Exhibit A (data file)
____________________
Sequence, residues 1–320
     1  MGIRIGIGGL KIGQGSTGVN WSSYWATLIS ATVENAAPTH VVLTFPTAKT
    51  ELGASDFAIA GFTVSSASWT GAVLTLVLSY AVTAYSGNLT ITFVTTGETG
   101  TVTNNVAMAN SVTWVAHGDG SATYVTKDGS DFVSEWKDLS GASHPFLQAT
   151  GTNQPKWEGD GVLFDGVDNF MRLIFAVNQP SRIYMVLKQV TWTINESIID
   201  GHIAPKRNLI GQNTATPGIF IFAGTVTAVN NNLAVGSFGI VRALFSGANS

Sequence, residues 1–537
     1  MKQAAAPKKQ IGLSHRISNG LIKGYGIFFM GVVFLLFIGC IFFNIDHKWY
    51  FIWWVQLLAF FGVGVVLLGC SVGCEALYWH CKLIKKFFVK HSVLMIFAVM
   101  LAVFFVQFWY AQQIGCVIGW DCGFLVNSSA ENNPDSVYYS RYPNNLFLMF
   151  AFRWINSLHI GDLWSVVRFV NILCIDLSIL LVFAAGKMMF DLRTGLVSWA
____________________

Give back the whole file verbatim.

Sequence, residues 1–320
     1  MGIRIGIGGL KIGQGSTGVN WSSYWATLIS ATVENAAPTH VVLTFPTAKT
    51  ELGASDFAIA GFTVSSASWT GAVLTLVLSY AVTAYSGNLT ITFVTTGETG
   101  TVTNNVAMAN SVTWVAHGDG SATYVTKDGS DFVSEWKDLS GASHPFLQAT
   151  GTNQPKWEGD GVLFDGVDNF MRLIFAVNQP SRIYMVLKQV TWTINESIID
   201  GHIAPKRNLI GQNTATPGIF IFAGTVTAVN NNLAVGSFGI VRALFSGANS

Sequence, residues 1–537
     1  MKQAAAPKKQ IGLSHRISNG LIKGYGIFFM GVVFLLFIGC IFFNIDHKWY
    51  FIWWVQLLAF FGVGVVLLGC SVGCEALYWH CKLIKKFFVK HSVLMIFAVM
   101  LAVFFVQFWY AQQIGCVIGW DCGFLVNSSA ENNPDSVYYS RYPNNLFLMF
   151  AFRWINSLHI GDLWSVVRFV NILCIDLSIL LVFAAGKMMF DLRTGLVSWA